From Kandy – The fastest way to reach Negombo from Kandy is to fly to Colombo on Cinnamon Air/ Sri Lankan Airlines from Polgolla Reservoir in Kandy; the flight would take an hour to complete. An alternate option would be to drive to Negombo via A1, the Colombo – Kandy Road, which would take approximately a little over 2 hours. Vehicle or taxi arrangements can be made for you by our tour consultants at Epic Sri Lanka Holidays. It is a distance of 102 kilometres from Kandy to Negombo.
The average temperature here varies from 24 to 30 degree Celsius. Featuring a tropical rainforest climate, also referred to as an equatorial climate, the temperatures in Negombo on average is always high and coupled with high humidity, especially from February to April.
The city experiences rain, mostly from the Southwestern monsoon, from May to August and again from October to January.
Food & Drink
The food available in Negombo extends from local cuisine to Japanese, Thai, Chinese, Indian and Western. There are plenty of charming cafes and restaurants offering food from cheap eats, mid-range to fine dining. With fresh sea fish and shellfish such as lobster, crab, shrimp available in abundance, Negombo is a paradise for food lovers, especially those with a fondness for sea food.
Popular restaurants among tourists are Black Coral Restaurant, The Sushi Bar (Samurai), Café Envo, Bijou Swiss Restaurant, Greek Grill, Dolce Vita, Coco’s, Lords Restaurant Complex, Tusker Restaurant, Mad Dog’s Bodega (Heritance Colombo), Aroma’s Café and Pizzeria, Bacco Wine Bar Bistro and Toro Pub & Restaurant.
A few popular pubs are Rodeo Pub and Serendib Pub and Restaurant.
Negombo Beach – Bask in the toasty rays of the sun or take a sunset stroll along the soft golden shores of the Negombo beach. The coast is also perfect to enjoy a beach game like volleyball or football with friends, families and loved ones, after which one can take a dip in the ocean to cool down. Negombo is also popular among adrenaline junkies for water sports such as kayaking, sailing, Jet skiing and Water skiing.
Diving & Snorkeling – Dive in and explore the phenomenal marine life that exists below the waters of the ocean bordering Negombo. Witness the exquisite aquatic wildlife ranging from a variety of exotic fish to coral reefs and caves or survey the shipwrecks submerged in water years ago.
Negombo Lagoon – Escape the hustle-bustle of Negombo town and embark upon a boat ride through tranquil waters of the Negombo Lagoon. Feast your eyes on the spectacular biodiversity of the Negombo lagoon, the various gorgeous water birds that visit the area and learn about the fascinating centuries old fishing traditions still followed by its local fisherman.
Muthurajawela wetlands – Take the same boat ride and cruise the soothing waters of the Muthurajawela marsh, across magnificent partially submerged mangroves. Declared a sanctuary by the government of Sri Lanka in 1996, the marsh has a rich aquatic ecosystem with various vegetation, and beguiling wildlife such as water monitors, crocodiles, monkeys and insects such as dragonflies and butterflies. This marvelous marsh is a popular attraction in Negombo.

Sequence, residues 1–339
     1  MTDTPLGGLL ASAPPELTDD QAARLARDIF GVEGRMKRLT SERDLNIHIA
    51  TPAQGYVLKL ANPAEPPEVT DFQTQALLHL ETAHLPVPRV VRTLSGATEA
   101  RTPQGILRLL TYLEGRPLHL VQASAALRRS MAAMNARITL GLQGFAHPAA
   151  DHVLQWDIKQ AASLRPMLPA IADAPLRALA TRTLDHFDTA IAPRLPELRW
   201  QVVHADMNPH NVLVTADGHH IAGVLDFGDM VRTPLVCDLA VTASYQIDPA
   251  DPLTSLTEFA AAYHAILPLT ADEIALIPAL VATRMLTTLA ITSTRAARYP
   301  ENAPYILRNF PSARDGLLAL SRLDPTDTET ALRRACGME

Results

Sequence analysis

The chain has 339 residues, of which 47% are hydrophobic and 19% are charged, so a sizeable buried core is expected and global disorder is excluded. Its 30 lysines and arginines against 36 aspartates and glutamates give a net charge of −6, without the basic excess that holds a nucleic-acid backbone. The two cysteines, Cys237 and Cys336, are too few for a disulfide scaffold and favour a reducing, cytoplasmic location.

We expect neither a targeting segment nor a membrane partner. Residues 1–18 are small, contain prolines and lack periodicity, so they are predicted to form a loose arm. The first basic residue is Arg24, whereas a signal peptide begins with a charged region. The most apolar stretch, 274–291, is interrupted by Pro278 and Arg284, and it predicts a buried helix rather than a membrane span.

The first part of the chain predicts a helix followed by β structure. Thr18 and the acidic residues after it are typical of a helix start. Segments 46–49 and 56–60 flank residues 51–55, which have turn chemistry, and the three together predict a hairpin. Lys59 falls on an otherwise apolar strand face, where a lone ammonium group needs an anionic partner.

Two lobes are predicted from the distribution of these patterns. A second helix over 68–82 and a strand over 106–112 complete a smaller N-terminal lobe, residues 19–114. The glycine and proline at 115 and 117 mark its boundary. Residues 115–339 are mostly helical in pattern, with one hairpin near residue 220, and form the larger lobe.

Negombo “Lellama” Fish Market – Locally popular as Lellama (Lel-La-Ma), this vibrant and busy market is the second largest fish market in the country with approximately 4,000 boats depart to sea from here every day.
Angurukaramulla Temple (Bodhirajarama Maha Viharaya) – A place of worship for Buddhists and Hindus alike, this temple is famous for its Buddha Statue that is over 6m in height and the iconic dragon’s head which acts as an entryway to its shrine room. The temple is adorned with vivid murals, paintings and sculptures depicting stories of Buddha as well as kings and queens of Sri Lanka. At the back of the temple lies the Hindu temple, Sri Siddha Suniyam Devalaya named after the Sri Lankan deity Sri Siddha Suniyam.
Negombo Dutch Fort – Now a historical ruin, the Dutch Fort in Negombo built by the Portuguese to defend Colombo during their occupation. It was later restored by the Dutch only to be later torn down and built as a prison by the British. The Eastern bastion with mounds at its northern and southern ends still remain today along with its gateway that is inscribed with the date 1678. The site is still used as a prison to this day.
Hamilton Canal (Dutch Canal) – Travel via boat this remarkable 14.5 kilometre network of canals that passes through Negombo and links Puttalam to Colombo. Designed by a Sinhalese King of Kotte, Veera Parakramabahu VII, and later the Dutch, this extraordinary network was constructed by the British to drain the saline water from the Muthurajawela wetlands. It is named so after Garvin Hamilton, the British Agent of Revenue and Commerce in 1802.
St. Mary´s Church – One of the largest cathedrals in the country, this rose coloured church is adorned with alabaster images of numerous saints on its ceiling and sculptures of religious saints on the walls of the upper levels. With a neoclassicism style, the church also represents the amalgamation of European and Sri Lankan arts and architecture as a result of the colonial era.